The RPG subculture I was inside was full of science and engineering students. We had very limited respect for E. Gary Gygax and TSR, because a lot of what they wrote seemed silly to us. We were being fairly postmodern in our plots and imagery, although we'd never heard the term, and we didn't take ourselves seriously.

Nowadays, I'm deliberately trying to pick up new cultural influences, by running an occult WWII game set in India.
 

Thomas Shey

Legend
In some ways, I'm the opposite. Gaming is what led me to Moorcock (when one of my players showed up raving about Elric and his black blade). And Moorcock led me to Hawkwind.

Tolkien at least, I came to before gaming.

I wasn't actually much of a fantasy fan before I started playing D&D. An SF fan, yes, but if West Coast D&D fandom didn't have a fair bit of SF seeping into it, I'm not 100% sure it'd have caught me (though I was always interested in mythology and monsters, so it had that going for it).
 

Kurosawa's Seven Samurai (which is verrrrrrrrrrry Western-ey) and several actual Westerns: The Magnificent Seven, The Good the Bad and the Ugly, Butch Cassidy and the Sundance Kid, The Outlaw Josey Wales, Silverado

All those were influences for me. I'd say only The Good, The Bad and the Ugly and Josey Wales were widely shared by the rest of the people I gamed with back then. We didn't play much with an overt western emphasis - I think there was a game or two of GURPS Wild West (or whatever it was called) and the old Avalon Hill Gunslinger.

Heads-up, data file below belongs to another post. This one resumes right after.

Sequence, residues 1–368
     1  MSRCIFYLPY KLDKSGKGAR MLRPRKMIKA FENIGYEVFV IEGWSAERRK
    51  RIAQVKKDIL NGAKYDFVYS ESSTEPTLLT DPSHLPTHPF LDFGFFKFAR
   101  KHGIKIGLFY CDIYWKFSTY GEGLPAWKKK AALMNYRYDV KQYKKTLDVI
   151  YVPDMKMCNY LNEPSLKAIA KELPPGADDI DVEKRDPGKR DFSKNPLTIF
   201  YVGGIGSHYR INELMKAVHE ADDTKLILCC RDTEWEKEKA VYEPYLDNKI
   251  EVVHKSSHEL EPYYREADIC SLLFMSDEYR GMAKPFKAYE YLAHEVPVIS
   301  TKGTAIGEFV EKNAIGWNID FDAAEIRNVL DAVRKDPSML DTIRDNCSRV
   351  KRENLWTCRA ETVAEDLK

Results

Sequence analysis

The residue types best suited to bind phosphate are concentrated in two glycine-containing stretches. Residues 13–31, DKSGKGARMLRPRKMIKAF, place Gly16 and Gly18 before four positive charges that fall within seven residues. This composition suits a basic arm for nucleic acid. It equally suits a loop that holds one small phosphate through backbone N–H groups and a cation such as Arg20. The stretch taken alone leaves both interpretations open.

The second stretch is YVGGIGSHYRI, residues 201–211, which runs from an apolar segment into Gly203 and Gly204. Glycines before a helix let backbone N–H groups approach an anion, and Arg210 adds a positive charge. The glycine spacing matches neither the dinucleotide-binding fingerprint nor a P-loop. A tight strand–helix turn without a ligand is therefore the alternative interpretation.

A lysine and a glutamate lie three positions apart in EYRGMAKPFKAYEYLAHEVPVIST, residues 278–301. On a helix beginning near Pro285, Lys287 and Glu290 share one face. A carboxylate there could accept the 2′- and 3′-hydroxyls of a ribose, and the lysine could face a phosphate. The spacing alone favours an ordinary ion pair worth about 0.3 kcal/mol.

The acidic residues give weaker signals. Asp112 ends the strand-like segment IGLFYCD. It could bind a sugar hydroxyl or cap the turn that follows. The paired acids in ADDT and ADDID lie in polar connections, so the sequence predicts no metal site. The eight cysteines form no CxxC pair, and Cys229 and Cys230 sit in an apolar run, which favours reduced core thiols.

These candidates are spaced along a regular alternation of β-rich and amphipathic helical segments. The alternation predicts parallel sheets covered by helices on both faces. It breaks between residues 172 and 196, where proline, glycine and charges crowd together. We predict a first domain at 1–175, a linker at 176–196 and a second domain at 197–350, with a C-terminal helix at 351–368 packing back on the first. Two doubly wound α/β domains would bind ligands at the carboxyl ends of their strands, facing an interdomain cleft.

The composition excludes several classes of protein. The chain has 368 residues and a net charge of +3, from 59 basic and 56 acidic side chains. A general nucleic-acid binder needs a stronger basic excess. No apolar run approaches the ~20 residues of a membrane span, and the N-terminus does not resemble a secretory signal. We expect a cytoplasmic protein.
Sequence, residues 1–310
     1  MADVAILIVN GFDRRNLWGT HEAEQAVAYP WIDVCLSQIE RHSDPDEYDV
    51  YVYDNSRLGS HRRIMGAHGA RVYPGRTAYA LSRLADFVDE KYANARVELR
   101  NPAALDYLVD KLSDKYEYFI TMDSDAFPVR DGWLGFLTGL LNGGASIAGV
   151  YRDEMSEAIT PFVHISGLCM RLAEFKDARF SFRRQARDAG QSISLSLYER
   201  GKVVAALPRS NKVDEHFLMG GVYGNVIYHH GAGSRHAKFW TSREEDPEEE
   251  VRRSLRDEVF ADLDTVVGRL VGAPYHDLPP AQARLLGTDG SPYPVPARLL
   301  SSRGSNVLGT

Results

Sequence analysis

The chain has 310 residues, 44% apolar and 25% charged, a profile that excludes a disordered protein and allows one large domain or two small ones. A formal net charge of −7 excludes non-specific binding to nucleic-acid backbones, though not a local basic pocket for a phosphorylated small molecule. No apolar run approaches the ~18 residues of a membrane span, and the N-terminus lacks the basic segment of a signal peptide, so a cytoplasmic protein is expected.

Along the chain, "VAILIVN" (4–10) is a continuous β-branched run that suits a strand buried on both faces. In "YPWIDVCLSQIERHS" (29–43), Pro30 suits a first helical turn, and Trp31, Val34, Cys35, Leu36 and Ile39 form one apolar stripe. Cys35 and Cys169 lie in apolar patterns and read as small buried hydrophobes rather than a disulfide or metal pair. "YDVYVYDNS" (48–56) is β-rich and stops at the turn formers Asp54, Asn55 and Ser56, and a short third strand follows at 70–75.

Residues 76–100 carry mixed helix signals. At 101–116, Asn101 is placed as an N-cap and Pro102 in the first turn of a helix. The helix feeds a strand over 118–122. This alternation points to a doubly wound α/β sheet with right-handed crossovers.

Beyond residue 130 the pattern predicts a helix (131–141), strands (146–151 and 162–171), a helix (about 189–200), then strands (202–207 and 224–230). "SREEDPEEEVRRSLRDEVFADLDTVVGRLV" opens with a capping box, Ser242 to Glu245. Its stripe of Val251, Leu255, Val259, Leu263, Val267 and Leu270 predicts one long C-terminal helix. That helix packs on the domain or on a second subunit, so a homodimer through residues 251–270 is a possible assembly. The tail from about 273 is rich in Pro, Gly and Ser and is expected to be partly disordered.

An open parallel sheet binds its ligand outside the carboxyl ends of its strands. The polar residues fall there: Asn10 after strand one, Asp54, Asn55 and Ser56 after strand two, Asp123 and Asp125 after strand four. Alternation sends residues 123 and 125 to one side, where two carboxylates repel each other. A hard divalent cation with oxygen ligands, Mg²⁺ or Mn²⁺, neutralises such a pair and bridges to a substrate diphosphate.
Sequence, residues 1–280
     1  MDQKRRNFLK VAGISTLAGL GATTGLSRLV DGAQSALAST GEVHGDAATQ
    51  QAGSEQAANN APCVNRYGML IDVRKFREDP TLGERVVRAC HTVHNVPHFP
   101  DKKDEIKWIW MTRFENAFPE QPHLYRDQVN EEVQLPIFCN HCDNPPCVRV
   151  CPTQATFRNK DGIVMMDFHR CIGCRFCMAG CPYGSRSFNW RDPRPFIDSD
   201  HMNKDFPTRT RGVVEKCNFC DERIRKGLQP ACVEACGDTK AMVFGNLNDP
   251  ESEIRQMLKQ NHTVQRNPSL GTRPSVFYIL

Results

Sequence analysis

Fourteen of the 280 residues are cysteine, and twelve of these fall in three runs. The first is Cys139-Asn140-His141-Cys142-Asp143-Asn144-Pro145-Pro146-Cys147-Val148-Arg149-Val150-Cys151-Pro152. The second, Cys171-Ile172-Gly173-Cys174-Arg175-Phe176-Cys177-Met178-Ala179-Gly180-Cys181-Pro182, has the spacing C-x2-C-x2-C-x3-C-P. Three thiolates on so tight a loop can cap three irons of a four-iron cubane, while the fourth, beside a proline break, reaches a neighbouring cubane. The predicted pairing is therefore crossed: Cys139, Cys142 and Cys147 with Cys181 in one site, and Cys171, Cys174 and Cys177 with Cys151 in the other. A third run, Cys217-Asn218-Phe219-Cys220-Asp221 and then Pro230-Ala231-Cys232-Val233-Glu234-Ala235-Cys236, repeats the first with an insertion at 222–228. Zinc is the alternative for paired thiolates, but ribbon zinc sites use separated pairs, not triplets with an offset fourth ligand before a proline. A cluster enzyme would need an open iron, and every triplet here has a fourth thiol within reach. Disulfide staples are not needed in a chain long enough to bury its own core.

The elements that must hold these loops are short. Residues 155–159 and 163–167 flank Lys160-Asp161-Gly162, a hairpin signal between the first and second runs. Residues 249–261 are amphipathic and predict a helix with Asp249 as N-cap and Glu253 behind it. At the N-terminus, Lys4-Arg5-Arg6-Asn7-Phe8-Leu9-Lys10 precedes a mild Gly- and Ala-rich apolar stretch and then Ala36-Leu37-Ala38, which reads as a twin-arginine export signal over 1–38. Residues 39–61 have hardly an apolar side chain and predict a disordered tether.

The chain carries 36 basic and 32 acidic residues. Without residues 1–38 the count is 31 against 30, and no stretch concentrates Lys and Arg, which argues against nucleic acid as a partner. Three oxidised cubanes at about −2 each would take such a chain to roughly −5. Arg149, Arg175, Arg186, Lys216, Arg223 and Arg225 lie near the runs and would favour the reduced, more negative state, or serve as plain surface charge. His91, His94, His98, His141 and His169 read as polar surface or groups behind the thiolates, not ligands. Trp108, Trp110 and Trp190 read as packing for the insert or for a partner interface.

I bet you're an Afro Samurai fan.
 

pemerton

Legend
Kurosawa's Seven Samurai (which is verrrrrrrrrrry Western-ey) and several actual Westerns: The Magnificent Seven, The Good the Bad and the Ugly, Butch Cassidy and the Sundance Kid, The Outlaw Josey Wales, Silverado
All those were influences for me. I'd say only The Good, The Bad and the Ugly and Josey Wales were widely shared by the rest of the people I gamed with back then. We didn't play much with an overt western emphasis - I think there was a game or two of GURPS Wild West (or whatever it was called) and the old Avalon Hill Gunslinger.
I love the aesthetic of The Seven Samurai, and also Yojimbo. But I don't think I've ever successfully incorporated it into RPGing.